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Cold Pitching To Get Clients Fast

Cold pitching is not magic and it takes hard work but it’s also not as scary or intimidating as it seems once you get going. Here are a few tips for geting this strategy up and running.

Cold Pitching To Get Clients Fast

In case you’re not familiar with this term, in the freelance world, “cold pitching” is what happens when you email or call strangers hoping to get work. This can be overwhelming at first and requires a different strategy than reaching out to warm leads (people with whome you have existing relationships). But if you want to grow your freelance business, it is a necessary step.

Cold pitching to get clients fast

I see a lot of freelancer posts in networking groups talking about how they’re tired of searching job boards for a decent opp paying a reasonable rate or sick of pitching magazine and newspaper stories that don’t pay well.

They’re feeling frustrated and stuck but they don’t know where to look for those niche clients who pay well.

The fastest way I know how to make money as a freelance writer is to pitch companies with marketing budgets. Yes, you can also pitch publications but the turnaround time is longer. And you can also sit back and hope your website will earn you passive ad income or affiliate sales or whatever else, and that’s fine too. But it’s a long game. And if you need money now, it’s not a great short-term strategy.

Bonus tip: For freelance writers searching for stable corporate clients, LinkedIn may be their shining beacon of hope.

Cold pitching companies is also a better, quicker strategy than responding to posts on job boards or prospecting on a freelancer bidding site. For starters, in these places the competition is fierce and often, because of the large pool of willing writers, the pay is low.

Here’s a quick three-step strategy to get you going

If you’re ready to make this a part of your regular prospecting, schedule one to two hours per day for cold pitching. Some of this time will be research and some will be emailing. Trust me, you’ll need all of the time.

  1. Research. Search for and make a list of marketing and advertising agencies. You can use Google, LinkedIn, local directories, etc.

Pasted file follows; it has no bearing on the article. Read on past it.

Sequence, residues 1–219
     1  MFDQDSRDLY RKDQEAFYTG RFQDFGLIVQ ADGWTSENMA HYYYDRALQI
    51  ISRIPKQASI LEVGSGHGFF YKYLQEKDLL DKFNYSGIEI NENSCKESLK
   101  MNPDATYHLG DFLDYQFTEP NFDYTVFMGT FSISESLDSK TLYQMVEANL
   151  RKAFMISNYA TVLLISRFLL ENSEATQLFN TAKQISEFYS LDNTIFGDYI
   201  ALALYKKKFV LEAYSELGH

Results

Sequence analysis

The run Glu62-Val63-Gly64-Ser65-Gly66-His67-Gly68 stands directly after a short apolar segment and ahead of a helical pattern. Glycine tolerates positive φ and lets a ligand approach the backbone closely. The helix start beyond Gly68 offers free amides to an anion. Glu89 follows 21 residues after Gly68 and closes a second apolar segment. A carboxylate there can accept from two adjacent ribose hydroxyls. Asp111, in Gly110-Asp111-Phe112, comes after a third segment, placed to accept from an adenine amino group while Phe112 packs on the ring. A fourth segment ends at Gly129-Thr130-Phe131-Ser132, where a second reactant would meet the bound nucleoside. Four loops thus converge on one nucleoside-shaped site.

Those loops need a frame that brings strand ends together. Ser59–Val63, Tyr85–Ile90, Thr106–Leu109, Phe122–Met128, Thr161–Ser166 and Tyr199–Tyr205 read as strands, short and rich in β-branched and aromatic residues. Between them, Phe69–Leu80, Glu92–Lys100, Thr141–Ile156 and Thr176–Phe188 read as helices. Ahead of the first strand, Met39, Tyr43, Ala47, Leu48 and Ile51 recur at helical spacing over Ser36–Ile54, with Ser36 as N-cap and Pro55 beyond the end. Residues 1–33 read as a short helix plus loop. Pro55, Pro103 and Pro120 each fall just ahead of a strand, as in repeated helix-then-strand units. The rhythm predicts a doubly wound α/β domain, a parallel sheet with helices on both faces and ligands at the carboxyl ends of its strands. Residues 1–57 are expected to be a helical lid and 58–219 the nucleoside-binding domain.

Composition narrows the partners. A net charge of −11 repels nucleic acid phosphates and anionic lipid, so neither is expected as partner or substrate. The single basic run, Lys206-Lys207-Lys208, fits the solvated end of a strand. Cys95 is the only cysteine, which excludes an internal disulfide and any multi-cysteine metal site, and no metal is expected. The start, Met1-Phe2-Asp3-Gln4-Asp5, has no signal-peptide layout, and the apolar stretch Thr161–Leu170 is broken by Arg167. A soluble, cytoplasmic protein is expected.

2. Find a specific email address. Look for someone like a marketing manager or communications director, someone who would be an actual contact and do your best to find their real email address (rather than “info” or “contact”)
  3. Send a cold pitch. Also known as a query or letter of inquiry (LOI), send a short email asking if the company works with freelance writers

If you get a “yes, we do work with freelance writers,” then you can continue the conversation by letting them know who you are and how you can help them (this is where an elevator pitch comes in handy).

Two extra tips. They may ask for samples or portfolio links, have them ready to send (another option is having your LinkedIn profile optimized and sending that link, totally acceptable!). It’s possible they’d like references—have a couple ready to go, previous clients who can vouch for your work and character.

Like I said before, this will all seem scary and intimidating until you get the hang of it. Cold pitching can be terrifying if you overthink it. And yes, you’ll experience rejections, although many won’t respond at all, and that’s OK. It’s all part of the process.

Here are a few more ways to increase your odds of getting to “yes” from cold pitching

  • Warm up the connection as much as possible. Find common ground wherever possible, like a mutual connection or membership in the same organization
  • Send cold pitches to companies that look like they’ll need your services. Rather than shooting a buck shot, try targetting your pitches to places where it makes sense and your skills match